Competition between lysogenic and sensitive bacteria is determined by the fitness costs of the different emerging phage-resistance strategies


Many bacterial genomes carry prophages whose induction can eliminate competitors. In response, bacteria may become resistant by modifying surface receptors, by lysogenization, or by other poorly known processes. All these mechanisms affect bacterial fitness and population dynamics. To understand the evolution of phage resistance, we co-cultivated a phage-sensitive strain (BJ1) and a poly-lysogenic Klebsiella pneumoniae strain (ST14) under different phage pressures. The population yield remained stable after 30 days. Surprisingly, the initially sensitive strain remained in all populations and its frequency was highest when phage pressure was strongest. Resistance to phages in these populations emerged initially through mutations preventing capsule biosynthesis. Protection through lysogeny was rarely observed because the lysogens have increased death rates due to prophage induction. Unexpectedly, the adaptation process changed at longer time scales the frequency of capsulated cells in BJ1 populations increased again, because the production of capsule was fine-tuned, reducing the ability of phage to absorb. Contrary to the lysogens, these capsulated resistant clones are pan-resistant to a large panel of phages. Intriguingly, some clones exhibited transient non-genetic resistance to phages, suggesting an important role of phenotypic resistance in coevolving populations. Our results show that interactions between lysogens and sensitive strains are shaped by antagonistic co-evolution between phages and bacteria. These processes may involve key physiological traits, such as the capsule, and depend on the time frame of the evolutionary process. At short time scales, simple and costly inactivating mutations are adaptive, but in the long-term, changes drawing more favorable trade-offs between resistance to phages and cell fitness become prevalent.

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All raw data is available on; 10.6084/m9.figshare.22101998

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Author details

  1. Olaya Rendueles

    Institut Pasteur, Paris, France
    For correspondence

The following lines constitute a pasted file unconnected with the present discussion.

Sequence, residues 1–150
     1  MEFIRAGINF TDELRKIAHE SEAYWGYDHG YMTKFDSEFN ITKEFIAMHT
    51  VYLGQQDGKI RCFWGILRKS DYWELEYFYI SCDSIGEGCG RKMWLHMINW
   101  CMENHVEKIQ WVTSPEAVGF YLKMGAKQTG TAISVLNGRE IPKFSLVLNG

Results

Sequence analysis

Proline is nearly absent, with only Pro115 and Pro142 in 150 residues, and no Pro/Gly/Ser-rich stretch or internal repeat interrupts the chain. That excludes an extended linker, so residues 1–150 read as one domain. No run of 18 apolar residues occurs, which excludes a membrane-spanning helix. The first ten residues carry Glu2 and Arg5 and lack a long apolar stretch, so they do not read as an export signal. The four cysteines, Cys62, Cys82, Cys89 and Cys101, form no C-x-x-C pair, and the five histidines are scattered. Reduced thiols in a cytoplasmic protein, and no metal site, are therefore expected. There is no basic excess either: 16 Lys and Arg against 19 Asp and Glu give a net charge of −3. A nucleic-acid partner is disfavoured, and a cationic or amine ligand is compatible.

Competing interests
    The authors declare that no competing interests exist.
    ORCID icon "This ORCID iD identifies the author of this article:" 0000-0002-6648-1594
  2. Jorge AM Moura de Sousa

    Institut Pasteur, Paris, France
    Competing interests
    The authors declare that no competing interests exist.
  3. Eduardo PC Rocha

    Institut Pasteur, Paris, France
    Competing interests
    The authors declare that no competing interests exist.


Agence Nationale de la Recherche (ANR 18 CE12 0001 01 ENCAPSULATION)

  • Olaya Rendueles

Agence Nationale de la Recherche (ANR-10-LABX-62-IBEID)

  • Eduardo PC Rocha

Fondation pour la Recherche Médicale (EQU201903007835)

  • Eduardo PC Rocha

The funders had no role in study design, data collection and interpretation, or the decision to submit the work for publication.

Reviewing Editor

  1. Samuel L Díaz-Muñoz, University of California, Davis, United States

Version history

  1. Preprint posted: July 12, 2022 (view preprint)
  2. Received: September 15, 2022
  3. Accepted: March 16, 2023
  4. Accepted Manuscript published: March 28, 2023 (version 1)
  5. Version of Record published: April 5, 2023 (version 2)
  6. Version of Record updated: April 6, 2023 (version 3)


© 2023, Rendueles et al.

This article is distributed under the terms of the Creative Commons Attribution License permitting unrestricted use and redistribution provided that the original author and source are credited.


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  1. Olaya Rendueles
  2. Jorge AM Moura de Sousa
  3. Eduardo PC Rocha
Competition between lysogenic and sensitive bacteria is determined by the fitness costs of the different emerging phage-resistance strategies
eLife 12:e83479.

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